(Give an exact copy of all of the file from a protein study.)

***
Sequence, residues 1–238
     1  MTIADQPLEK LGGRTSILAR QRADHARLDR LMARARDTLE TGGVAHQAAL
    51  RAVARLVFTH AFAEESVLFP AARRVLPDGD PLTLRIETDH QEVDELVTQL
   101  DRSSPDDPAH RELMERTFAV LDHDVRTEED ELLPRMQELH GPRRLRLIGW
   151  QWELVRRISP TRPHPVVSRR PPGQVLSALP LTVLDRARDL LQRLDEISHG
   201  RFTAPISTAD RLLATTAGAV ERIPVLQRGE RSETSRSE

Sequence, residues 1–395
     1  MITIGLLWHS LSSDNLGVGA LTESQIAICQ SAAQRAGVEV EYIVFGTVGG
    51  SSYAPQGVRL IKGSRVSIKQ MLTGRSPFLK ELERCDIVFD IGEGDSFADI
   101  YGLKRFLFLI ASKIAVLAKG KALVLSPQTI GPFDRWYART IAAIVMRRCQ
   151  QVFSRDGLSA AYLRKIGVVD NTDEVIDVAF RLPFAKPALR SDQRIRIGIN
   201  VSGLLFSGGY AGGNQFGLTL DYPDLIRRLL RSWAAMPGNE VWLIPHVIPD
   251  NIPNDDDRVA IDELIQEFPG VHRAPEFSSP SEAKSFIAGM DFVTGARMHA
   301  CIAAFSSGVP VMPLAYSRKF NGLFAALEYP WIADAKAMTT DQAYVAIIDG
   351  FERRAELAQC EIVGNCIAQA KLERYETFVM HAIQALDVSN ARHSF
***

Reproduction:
Sequence, residues 1–238
     1  MTIADQPLEK LGGRTSILAR QRADHARLDR LMARARDTLE TGGVAHQAAL
    51  RAVARLVFTH AFAEESVLFP AARRVLPDGD PLTLRIETDH QEVDELVTQL
   101  DRSSPDDPAH RELMERTFAV LDHDVRTEED ELLPRMQELH GPRRLRLIGW
   151  QWELVRRISP TRPHPVVSRR PPGQVLSALP LTVLDRARDL LQRLDEISHG
   201  RFTAPISTAD RLLATTAGAV ERIPVLQRGE RSETSRSE

Sequence, residues 1–395
     1  MITIGLLWHS LSSDNLGVGA LTESQIAICQ SAAQRAGVEV EYIVFGTVGG
    51  SSYAPQGVRL IKGSRVSIKQ MLTGRSPFLK ELERCDIVFD IGEGDSFADI
   101  YGLKRFLFLI ASKIAVLAKG KALVLSPQTI GPFDRWYART IAAIVMRRCQ
   151  QVFSRDGLSA AYLRKIGVVD NTDEVIDVAF RLPFAKPALR SDQRIRIGIN
   201  VSGLLFSGGY AGGNQFGLTL DYPDLIRRLL RSWAAMPGNE VWLIPHVIPD
   251  NIPNDDDRVA IDELIQEFPG VHRAPEFSSP SEAKSFIAGM DFVTGARMHA
   301  CIAAFSSGVP VMPLAYSRKF NGLFAALEYP WIADAKAMTT DQAYVAIIDG
   351  FERRAELAQC EIVGNCIAQA KLERYETFVM HAIQALDVSN ARHSF